8.jpgBuilder’s Lunch Break by Davey James Clarke

In the middle of a chaotic street in Hackney, London, a builder enjoys a moment of quiet respite. In this spontaneous shot, British photographer Clarke captured the man on a break from work, as he bathed his tanned body in the sunlight.

9.jpgThe Sentinels by Nancy Newberry

Texan photographer Newberry interrogates stereotypes of American identity by staging a contemporary spaghetti western across the US–Mexico border, a site of blended nationalities and historical battles. Newberry cast and photographed American cowboys and Mexican charros in locations around Marfa, Dallas and El Paso, producing photographs that blur boundaries between documentary and fiction.

10.jpgSandwich Thief by Laurence Cartwright

Cartwright was taking pictures on the beach during a family holiday in the seaside town of Southwold, Suffolk, when one of the family dogs – a cheeky dachshund called Bingo – stole his niece’s sandwich from her picnic plate. This candid moment of comic drama tells the story of a classic British seaside holiday disrupted by a moment of exuberant canine treachery.

11.jpgDapo, Chicks by Camille Mack

Documentary photographer Mack has taken portraits in chicken shops across south London, to chart the diversity of their clientele. With glowing neon signs, the shops attract families and schoolchildren, hipsters, students, and late-night visitors in search of greasy snacks. For Mack, the chicken shop becomes a place where people come together for food, regardless of their race, class, age or religious beliefs.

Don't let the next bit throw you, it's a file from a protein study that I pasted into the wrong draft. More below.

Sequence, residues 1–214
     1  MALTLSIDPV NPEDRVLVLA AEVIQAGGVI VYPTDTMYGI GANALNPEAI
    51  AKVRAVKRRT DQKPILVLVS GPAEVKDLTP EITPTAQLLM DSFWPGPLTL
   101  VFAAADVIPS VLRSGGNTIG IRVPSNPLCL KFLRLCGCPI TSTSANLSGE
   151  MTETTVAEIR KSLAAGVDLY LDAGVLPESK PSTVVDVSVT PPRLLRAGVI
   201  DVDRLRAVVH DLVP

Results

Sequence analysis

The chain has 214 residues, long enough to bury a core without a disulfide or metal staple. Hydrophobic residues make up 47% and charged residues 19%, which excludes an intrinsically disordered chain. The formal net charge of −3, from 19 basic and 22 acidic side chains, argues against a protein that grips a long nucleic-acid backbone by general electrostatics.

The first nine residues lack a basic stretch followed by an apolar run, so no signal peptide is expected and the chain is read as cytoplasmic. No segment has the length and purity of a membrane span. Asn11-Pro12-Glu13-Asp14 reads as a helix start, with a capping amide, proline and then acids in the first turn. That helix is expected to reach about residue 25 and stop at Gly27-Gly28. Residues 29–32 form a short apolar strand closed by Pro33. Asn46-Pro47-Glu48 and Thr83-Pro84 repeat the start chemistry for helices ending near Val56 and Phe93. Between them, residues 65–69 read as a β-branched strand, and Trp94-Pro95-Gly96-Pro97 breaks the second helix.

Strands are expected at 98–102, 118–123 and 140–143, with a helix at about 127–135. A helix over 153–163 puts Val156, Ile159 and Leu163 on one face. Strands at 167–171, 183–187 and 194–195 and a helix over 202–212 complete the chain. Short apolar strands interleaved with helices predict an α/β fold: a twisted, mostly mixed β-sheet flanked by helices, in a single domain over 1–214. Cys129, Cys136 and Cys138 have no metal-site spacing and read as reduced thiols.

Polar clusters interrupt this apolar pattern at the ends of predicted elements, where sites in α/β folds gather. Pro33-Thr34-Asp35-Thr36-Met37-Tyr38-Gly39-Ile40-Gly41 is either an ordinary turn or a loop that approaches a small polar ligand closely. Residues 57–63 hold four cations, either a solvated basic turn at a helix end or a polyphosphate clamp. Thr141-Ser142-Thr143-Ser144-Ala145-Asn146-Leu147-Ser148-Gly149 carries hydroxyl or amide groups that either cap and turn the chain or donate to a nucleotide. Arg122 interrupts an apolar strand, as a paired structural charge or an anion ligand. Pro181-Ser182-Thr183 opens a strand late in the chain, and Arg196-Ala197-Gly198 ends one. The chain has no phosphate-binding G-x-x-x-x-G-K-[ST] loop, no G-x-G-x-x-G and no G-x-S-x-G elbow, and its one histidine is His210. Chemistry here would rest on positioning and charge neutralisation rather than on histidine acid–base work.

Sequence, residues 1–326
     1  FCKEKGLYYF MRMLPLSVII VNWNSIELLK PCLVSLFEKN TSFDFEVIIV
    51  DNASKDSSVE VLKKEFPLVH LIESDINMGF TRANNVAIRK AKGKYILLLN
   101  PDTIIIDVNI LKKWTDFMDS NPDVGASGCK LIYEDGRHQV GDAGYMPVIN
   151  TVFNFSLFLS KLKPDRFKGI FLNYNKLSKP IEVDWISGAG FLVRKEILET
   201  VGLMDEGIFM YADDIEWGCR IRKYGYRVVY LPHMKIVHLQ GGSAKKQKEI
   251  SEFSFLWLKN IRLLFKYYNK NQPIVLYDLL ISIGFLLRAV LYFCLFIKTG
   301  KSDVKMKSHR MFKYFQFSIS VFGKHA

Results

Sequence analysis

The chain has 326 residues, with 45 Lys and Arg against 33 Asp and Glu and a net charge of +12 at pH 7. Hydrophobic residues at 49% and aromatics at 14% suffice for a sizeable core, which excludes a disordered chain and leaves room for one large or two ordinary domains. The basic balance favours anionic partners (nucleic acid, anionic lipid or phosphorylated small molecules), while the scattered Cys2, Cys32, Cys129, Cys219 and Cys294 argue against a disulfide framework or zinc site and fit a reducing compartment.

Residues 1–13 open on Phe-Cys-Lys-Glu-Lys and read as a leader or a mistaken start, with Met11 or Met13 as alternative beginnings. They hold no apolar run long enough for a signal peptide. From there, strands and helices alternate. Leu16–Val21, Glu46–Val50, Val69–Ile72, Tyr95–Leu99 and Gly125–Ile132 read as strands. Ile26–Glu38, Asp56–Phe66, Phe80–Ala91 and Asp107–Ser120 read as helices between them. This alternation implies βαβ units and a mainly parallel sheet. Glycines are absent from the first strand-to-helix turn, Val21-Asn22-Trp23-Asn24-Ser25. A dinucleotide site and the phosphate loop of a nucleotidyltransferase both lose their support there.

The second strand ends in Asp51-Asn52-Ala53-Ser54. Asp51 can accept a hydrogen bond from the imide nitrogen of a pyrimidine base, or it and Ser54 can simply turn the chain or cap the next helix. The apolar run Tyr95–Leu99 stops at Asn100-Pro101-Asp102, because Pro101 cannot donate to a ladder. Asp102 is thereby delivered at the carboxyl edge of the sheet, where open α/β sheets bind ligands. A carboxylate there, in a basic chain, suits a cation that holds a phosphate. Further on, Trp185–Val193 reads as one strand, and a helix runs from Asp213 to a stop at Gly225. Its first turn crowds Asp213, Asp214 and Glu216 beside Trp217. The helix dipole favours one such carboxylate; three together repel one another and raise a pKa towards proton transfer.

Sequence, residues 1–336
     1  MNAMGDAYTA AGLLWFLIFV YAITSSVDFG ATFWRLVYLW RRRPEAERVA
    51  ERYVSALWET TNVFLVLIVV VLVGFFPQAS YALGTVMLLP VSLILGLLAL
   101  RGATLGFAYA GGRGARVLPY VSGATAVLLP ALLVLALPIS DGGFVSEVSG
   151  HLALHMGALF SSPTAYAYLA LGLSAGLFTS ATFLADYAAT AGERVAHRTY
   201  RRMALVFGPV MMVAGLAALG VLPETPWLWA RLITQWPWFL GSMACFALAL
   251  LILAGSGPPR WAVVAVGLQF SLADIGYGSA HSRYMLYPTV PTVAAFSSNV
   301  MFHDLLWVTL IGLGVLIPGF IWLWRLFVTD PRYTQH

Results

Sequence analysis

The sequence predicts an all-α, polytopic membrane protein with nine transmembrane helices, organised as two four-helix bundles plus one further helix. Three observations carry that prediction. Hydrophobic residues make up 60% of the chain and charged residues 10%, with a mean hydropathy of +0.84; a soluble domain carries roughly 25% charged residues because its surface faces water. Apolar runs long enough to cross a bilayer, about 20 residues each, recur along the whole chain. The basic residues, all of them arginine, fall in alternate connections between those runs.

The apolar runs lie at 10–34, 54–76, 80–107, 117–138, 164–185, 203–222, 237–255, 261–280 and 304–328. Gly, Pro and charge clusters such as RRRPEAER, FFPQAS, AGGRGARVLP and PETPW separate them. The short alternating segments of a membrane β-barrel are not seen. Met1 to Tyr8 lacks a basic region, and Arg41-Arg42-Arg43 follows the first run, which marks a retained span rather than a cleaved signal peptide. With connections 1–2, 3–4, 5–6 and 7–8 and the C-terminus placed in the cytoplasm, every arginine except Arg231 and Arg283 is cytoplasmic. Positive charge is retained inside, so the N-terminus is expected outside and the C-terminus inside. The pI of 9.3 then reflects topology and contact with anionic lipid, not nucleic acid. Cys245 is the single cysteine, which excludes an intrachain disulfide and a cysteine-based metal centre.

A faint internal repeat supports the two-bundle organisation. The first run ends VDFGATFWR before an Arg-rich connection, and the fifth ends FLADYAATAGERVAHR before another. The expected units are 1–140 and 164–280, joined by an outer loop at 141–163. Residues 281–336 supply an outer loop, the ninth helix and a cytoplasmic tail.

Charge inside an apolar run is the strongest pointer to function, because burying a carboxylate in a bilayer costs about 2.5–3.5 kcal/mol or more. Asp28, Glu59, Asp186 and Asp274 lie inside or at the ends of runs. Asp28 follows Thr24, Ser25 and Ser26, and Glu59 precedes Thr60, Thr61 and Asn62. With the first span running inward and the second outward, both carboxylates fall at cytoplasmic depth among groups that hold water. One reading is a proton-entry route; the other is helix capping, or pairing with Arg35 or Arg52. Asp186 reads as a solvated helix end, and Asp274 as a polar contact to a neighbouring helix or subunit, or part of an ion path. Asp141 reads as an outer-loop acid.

12.jpgNurse by Keith Bernstein

From the series Movie Extras. Bernstein captures quiet moments between scenes on movie sets, photographing the film extras who are hired to play non-speaking parts. Here, in Bucharest, Romania, Maria was hired for a day as a background nurse at a motorcycle incident, but was never called to set. Resting outside on a bench, the careful geometry of the image underscores a sense of boredom and isolation.

13.jpgJennifer, Lur, and Emile, Warm Spring Creek, Idaho. by Matthew Hamon

From the series Water’s Edge. Hamon, a photographer living in Potomac, rural Montana, photographed Jennifer while she was bathing with her daughter and infant son in Warm Spring Creek, Idaho.

14.jpgSentō Bather by Simon Urwin

In a society bound by strict etiquette, the sentō or public bath is a haven where both clothes and inhibitions can be shed, enjoying hadaka na tsukiai (naked kinship) with fellow bathers to escape the pressures of modern life. Taken in Tokyo, this portrait poses the sitter, Amok, against a mural painting of Mount Fuji.

15.jpgFleeing Mosul by Abbie Trayler-Smith

From the series Women in War: Life After Isis. This photograph was shot outside Hasan Sham IDP camp in Northern Iraq. Trayler-Smith was there undertaking a commission for Oxfam documenting the camp where the charity was providing aid, talking to women who had lived under Isis. A convoy of buses arrived from Mosul, bringing people to safety who had escaped the battle just hours before.